The Associated Press, aka the Administration's Press, wants Americans to know that the Obama adminisration is really, really upset — but not at Hamas for committing terrorist acts, using women and children as human shields, and digging tunnels for the purpose of mass-murdering civilians on Rosh Hashanah.
No-no-no. Team Obama is "fuming" (i.e., their poor little feeeeewings are hurt) because Israeli officials and the Israeli media — even its liberal wing — are furiously criticizing U.S. Secretary of State John Kerry for apparently doing all he can to sell out the Jewish state's positions in attempting to negotiate a ceasefire with Hamas.
The "Big Story" item filed by Matt Lee and Julie Pace only scratches the surface in describing Israeli anger at Kerry (bolds are mine):
US FUMING OVER ISRAELI CRITICISM OF KERRY
The Obama administration pushed back Monday at a torrent of Israeli criticism aimed at Secretary of State John Kerry's latest bid to secure a cease-fire between Israel and Hamas, with U.S. officials saying Kerry had in no way abandoned key Israeli needs.
"Israel has no better friend, no stronger defender than John Kerry," said Tony Blinken, President Barack Obama's deputy national security. He said the criticism of Kerry was based on "people leaking things that are either misinformed, or attempting to misinform."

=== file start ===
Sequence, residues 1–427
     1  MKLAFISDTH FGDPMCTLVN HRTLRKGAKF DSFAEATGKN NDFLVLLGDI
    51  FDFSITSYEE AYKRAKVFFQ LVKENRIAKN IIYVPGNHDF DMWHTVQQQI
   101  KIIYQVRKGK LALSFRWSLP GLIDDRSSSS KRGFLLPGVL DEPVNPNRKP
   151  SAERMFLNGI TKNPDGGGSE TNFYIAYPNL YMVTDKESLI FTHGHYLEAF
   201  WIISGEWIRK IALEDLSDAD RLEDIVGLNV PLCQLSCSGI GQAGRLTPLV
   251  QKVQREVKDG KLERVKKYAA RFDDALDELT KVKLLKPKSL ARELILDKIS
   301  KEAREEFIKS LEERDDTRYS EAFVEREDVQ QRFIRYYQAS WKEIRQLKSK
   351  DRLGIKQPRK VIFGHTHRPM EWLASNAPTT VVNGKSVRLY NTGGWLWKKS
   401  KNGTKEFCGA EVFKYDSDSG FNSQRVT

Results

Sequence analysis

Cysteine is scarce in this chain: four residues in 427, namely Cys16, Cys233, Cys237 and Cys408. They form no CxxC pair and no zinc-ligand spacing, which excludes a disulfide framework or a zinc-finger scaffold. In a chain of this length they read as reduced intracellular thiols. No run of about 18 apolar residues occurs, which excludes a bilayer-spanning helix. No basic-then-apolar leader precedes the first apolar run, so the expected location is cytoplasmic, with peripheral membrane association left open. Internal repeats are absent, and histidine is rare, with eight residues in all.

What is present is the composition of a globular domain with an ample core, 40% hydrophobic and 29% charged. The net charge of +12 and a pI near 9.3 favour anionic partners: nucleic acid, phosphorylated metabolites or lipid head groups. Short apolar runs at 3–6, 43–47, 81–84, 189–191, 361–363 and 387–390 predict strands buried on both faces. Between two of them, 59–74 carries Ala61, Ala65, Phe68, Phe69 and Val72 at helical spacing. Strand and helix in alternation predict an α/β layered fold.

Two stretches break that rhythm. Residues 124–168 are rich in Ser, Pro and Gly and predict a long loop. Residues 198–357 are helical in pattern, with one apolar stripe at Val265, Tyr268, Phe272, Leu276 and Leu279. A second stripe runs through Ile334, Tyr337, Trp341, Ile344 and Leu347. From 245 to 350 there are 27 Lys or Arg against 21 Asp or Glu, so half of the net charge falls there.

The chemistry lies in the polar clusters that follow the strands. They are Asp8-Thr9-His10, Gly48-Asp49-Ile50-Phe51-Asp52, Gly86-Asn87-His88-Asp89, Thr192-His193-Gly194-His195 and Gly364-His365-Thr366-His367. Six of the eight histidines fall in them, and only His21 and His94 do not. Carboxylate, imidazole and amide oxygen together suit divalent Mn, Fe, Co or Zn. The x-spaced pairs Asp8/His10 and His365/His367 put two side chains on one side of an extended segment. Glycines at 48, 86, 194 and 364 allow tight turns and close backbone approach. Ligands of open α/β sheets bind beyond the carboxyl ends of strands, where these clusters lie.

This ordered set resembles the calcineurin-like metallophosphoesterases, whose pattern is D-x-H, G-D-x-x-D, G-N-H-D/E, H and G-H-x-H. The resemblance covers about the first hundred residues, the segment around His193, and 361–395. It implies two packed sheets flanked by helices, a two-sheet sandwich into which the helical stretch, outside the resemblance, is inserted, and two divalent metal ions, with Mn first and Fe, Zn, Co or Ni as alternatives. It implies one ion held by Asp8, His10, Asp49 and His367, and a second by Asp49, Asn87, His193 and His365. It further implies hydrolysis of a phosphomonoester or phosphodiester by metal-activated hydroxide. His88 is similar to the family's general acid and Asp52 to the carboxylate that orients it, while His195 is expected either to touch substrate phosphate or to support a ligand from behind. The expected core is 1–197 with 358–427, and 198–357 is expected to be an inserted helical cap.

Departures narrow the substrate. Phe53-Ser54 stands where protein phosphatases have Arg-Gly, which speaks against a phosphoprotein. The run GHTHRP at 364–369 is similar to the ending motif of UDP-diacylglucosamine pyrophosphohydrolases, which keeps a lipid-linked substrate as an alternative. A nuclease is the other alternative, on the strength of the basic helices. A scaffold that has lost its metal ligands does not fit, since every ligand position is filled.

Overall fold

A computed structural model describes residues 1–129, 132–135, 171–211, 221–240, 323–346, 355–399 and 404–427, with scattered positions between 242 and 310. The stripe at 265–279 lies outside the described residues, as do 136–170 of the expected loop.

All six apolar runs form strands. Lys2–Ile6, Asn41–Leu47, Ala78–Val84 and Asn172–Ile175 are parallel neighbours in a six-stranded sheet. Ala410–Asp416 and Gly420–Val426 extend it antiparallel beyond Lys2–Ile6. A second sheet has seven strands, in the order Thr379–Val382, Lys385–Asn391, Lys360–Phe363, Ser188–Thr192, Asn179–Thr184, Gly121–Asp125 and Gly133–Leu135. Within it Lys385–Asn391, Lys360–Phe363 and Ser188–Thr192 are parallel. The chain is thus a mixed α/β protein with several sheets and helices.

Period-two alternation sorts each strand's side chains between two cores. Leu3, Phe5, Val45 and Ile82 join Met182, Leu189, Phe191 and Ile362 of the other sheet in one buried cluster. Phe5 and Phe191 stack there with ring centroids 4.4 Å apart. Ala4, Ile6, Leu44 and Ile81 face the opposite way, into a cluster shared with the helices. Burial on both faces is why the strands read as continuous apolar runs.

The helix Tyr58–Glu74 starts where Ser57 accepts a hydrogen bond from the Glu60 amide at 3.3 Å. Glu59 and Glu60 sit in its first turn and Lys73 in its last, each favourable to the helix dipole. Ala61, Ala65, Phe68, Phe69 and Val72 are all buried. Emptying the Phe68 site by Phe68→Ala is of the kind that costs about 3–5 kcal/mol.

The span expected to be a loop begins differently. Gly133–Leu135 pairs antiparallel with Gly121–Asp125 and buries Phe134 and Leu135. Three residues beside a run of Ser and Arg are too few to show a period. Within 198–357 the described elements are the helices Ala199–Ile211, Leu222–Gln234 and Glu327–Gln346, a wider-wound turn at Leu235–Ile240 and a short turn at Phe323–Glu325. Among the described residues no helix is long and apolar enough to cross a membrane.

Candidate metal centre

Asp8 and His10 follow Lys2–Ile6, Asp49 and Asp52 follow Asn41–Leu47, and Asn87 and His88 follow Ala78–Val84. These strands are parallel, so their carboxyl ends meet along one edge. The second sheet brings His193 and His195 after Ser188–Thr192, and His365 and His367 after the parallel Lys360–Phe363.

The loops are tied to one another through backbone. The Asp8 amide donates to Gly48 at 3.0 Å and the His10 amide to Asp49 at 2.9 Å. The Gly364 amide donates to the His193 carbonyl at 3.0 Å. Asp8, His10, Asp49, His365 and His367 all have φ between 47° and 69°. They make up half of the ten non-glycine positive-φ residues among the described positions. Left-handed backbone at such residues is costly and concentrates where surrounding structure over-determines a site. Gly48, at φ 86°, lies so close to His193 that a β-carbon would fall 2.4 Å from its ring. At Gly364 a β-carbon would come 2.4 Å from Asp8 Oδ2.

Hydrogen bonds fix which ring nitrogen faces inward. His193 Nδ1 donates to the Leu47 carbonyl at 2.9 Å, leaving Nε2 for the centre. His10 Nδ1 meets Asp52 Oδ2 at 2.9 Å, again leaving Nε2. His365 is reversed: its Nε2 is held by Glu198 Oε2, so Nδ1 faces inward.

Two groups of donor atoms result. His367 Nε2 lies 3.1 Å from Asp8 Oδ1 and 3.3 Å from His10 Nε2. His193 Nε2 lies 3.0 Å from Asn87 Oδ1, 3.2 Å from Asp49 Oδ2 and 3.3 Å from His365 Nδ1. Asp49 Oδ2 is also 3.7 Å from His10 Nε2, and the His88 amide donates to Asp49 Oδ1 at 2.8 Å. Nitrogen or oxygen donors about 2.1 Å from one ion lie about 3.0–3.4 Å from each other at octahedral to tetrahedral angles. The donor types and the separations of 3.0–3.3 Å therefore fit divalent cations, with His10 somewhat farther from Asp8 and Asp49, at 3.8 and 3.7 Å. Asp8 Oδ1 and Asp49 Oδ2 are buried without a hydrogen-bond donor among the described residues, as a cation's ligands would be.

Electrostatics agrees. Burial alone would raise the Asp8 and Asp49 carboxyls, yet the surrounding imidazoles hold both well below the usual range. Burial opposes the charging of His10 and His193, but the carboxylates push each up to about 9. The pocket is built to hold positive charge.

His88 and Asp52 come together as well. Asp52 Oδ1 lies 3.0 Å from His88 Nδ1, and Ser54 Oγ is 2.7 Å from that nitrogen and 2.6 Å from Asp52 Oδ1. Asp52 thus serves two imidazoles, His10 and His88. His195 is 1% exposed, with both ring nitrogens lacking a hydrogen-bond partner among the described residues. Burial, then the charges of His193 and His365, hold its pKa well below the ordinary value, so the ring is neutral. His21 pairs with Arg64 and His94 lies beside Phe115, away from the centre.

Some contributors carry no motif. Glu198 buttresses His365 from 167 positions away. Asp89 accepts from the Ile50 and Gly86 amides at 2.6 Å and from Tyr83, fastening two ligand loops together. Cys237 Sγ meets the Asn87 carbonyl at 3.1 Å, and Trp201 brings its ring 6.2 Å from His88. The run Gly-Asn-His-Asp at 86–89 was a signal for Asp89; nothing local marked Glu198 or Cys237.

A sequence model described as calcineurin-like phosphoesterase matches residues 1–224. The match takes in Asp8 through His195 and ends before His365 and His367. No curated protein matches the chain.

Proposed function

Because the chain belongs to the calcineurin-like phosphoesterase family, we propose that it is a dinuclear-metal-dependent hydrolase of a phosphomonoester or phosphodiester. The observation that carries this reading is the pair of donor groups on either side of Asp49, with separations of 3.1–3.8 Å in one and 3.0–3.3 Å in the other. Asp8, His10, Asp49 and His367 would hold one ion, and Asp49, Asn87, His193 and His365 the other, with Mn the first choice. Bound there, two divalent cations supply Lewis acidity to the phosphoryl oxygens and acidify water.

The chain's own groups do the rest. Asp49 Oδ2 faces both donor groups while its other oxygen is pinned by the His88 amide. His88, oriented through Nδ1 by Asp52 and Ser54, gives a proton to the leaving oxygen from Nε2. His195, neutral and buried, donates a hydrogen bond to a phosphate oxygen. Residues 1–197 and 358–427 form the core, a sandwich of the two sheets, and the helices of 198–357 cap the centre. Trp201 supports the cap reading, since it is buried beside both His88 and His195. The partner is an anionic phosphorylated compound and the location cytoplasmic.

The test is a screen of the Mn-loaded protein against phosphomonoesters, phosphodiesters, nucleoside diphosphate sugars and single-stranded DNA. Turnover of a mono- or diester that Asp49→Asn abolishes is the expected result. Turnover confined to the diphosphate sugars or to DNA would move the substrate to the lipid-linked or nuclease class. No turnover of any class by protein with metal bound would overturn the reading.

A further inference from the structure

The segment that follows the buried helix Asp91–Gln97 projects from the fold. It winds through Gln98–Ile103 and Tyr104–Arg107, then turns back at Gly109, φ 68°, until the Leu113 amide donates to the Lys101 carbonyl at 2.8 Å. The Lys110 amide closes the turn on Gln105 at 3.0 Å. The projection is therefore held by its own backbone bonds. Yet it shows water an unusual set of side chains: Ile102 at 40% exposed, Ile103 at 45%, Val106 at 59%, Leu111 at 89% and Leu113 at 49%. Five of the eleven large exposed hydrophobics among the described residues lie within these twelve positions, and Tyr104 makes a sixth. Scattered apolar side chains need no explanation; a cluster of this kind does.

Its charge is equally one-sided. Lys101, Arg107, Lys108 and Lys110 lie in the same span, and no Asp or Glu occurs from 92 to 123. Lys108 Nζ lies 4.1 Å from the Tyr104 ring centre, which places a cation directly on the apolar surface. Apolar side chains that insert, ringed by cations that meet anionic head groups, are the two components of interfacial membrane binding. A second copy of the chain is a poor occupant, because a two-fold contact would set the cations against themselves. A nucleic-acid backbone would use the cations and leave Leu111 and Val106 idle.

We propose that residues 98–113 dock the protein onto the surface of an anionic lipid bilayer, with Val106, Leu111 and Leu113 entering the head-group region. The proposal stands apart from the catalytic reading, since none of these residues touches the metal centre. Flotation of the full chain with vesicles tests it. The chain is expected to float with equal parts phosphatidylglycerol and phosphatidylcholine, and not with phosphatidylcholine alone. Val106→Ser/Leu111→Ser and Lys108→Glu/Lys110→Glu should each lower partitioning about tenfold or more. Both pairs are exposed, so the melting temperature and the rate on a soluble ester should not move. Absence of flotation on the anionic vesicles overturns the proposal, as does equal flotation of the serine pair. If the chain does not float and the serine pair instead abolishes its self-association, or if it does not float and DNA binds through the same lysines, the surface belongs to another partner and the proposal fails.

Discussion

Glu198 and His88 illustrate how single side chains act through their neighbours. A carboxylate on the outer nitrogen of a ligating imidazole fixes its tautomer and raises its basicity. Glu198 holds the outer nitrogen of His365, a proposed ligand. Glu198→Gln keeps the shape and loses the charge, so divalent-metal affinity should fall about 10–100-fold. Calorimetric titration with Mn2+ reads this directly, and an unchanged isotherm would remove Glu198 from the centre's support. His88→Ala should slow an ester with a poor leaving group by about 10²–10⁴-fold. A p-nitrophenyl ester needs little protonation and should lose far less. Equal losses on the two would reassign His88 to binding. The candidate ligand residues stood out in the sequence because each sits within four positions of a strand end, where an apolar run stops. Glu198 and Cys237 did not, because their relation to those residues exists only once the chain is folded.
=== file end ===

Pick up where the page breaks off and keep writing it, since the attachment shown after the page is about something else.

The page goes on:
Other officials used even harsher language, saying the attacks on Kerry crossed a line and put the relationship between the U.S. and Israel in jeopardy. Those officials insisted on anonymity because they were not authorized to discuss the matter on the record by name.
Israeli media commentators have leveled almost nonstop criticism at Kerry in recent days over his attempts to bring Qatar and Turkey — two countries viewed by Israel as strong Hamas supporters — into the cease-fire negotiations. Kerry was also being accused of abandoning some of Israel's key demands during the negotiations.
In trying to implement the cease-fire over the weekend, "U.S. Secretary of State of State John Kerry ruined everything," wrote columnist Ari Shavit in Monday's Haaretz, Israel's leading liberal newspaper. "Very senior officials in Jerusalem described the proposal that Kerry put on the table as a 'strategic terrorist attack'."
A visit to the Haaretz story referenced by Lee and Pace sheds light on an entirely unappreciated element of the situation in Israel.
In a characterization completely contradicting how he is portrayed in America, Shavit describes Israeli Prime Minister Benjamin Netanyahu as a "moderate" who may be overridden by "expansionists" if a tolerable ceasefire does not occur.
Reckless Kerry risks causing escalation
If Israel is forced to undertake an expanded ground operation, it would be appropriate to name the offensive after the person who caused it: John Kerry.
The moderate wing in the Israeli security cabinet is led by Prime Minister Benjamin Netanyahu and Defense Minister Moshe Ya’alon. These two territorialist hawks are operational doves: They have no desire to conquer Gaza, or to cut it up, or to enter the population centers of Gaza. They are very afraid of shedding Israeli blood and also of a sudden collapse of international legitimacy. As a result, the strategy they have adopted is to weaken Hamas and not to destroy it – to prefer a diplomatic solution over a military one, and to aspire to a long-term, stable and early as possible cease-fire.